Interoception and Its Interaction with Self, Other, and Emotion Processing: Implications for the Understanding of Psychosocial Deficits in Borderline Personality Disorder

  • Annette Löffler
  • Jens Foell
  • Robin Bekrater-Bodmann
Personality Disorders (K Bertsch, Section Editor)
Part of the following topical collections:
  1. Topical Collection on Personality Disorders


Purpose of Review

We review evidence for the potential importance of interoception, i.e., the processing of signals arising from inside the body, for deficient psychosocial functioning in borderline personality disorder (BPD).

Recent Findings

Evidence suggests that variability in interoception interacts with higher-order psychological functions such as self, other, and emotion processing. These domains are characteristically impaired in BPD, suggesting a likely causal role of disturbed interoception in the etiology of the disorder. The inability to identify and describe one’s own emotional states represents a proxy of impaired interoception which might further mediate between the perception of inner physiological conditions and psychosocial functioning in BPD.


There is preliminary evidence explaining how early life stress might adversely affect central interoceptive representation and psychosocial functioning in BPD. Based on these findings and the specific pattern of disturbances in BPD, we propose the crucial role of interoception in an integrated biobehavioral model for BPD.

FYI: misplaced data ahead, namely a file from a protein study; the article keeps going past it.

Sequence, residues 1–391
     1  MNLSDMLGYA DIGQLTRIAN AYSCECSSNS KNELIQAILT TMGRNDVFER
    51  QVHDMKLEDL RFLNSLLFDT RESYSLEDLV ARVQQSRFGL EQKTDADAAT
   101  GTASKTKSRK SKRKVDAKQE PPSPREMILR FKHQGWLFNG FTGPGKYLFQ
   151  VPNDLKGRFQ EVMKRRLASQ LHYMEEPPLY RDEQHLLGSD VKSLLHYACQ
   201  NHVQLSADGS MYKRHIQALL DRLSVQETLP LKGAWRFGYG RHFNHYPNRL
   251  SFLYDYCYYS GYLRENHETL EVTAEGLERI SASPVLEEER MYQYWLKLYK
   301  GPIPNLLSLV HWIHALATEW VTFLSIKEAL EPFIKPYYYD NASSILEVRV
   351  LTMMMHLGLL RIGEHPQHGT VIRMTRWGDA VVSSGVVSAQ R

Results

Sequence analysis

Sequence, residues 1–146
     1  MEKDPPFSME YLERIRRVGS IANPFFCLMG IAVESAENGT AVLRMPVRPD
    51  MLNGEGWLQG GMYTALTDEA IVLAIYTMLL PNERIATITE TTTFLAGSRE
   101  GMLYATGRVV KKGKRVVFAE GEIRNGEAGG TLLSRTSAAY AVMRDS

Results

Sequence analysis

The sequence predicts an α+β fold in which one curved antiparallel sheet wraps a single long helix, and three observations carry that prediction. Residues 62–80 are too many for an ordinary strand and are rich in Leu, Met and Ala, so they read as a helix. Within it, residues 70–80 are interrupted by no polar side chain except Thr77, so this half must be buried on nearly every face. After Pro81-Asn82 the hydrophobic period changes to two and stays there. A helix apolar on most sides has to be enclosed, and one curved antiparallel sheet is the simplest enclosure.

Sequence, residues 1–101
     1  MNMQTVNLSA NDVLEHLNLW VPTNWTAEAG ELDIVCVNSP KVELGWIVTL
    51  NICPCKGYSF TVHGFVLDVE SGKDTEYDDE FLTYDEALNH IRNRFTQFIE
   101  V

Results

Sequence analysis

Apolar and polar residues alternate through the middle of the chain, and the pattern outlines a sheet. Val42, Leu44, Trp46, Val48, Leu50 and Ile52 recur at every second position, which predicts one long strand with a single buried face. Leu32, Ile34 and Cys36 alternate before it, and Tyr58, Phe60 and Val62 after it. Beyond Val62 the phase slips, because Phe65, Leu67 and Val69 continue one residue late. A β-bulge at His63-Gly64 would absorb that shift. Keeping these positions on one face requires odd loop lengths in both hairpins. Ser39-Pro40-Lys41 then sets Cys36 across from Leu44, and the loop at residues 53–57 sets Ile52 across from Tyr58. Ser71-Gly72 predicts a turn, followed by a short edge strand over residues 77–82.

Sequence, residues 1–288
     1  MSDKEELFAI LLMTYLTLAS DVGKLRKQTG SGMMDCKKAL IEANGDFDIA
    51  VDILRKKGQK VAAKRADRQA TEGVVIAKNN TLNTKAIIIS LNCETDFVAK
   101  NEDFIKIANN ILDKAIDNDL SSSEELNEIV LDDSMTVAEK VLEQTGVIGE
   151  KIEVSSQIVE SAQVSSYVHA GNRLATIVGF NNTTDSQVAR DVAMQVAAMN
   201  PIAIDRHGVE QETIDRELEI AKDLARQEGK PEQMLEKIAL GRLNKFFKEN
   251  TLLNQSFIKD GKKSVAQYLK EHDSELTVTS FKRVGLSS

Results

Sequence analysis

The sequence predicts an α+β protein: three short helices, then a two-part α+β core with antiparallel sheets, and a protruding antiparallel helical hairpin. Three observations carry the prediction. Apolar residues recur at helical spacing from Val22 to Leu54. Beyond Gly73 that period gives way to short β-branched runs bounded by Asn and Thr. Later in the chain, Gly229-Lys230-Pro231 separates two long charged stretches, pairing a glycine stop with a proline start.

Interoception Borderline personality disorder Emotion regulation Emotional awareness Anterior insula 



This work was supported by the ‘Mechanisms of disturbed emotion processing in borderline personality disorder’ project, which receives funding from the Clinical Research Unit program (KFO 256-IP4n, BE 5723/1-2, awarded to RBB) of the Deutsche Forschungsgemeinschaft. The funding source had no involvement in the writing of this article or in the decision to submit the article for publication.

Compliance with Ethical Standards

Conflict of Interest

Annette Löffler, Jens Foell, and Robin Bekrater-Bodmann declare that they have no conflict of interest.

Human and Animal Rights and Informed Consent

This article does not contain any studies with human or animal subjects performed by any of the authors.


Papers of particular interest, published recently, have been highlighted as: • Of importance •• Of major importance

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© Springer Science+Business Media, LLC, part of Springer Nature 2018

Authors and Affiliations

  • Annette Löffler
    • 1
  • Jens Foell
    • 2
  • Robin Bekrater-Bodmann
    • 1
  1. 1.Department of Cognitive and Clinical Neuroscience, Central Institute of Mental Health, Medical Faculty MannheimHeidelberg UniversityMannheimGermany
  2. 2.Department of PsychologyFlorida State UniversityTallahasseeUSA

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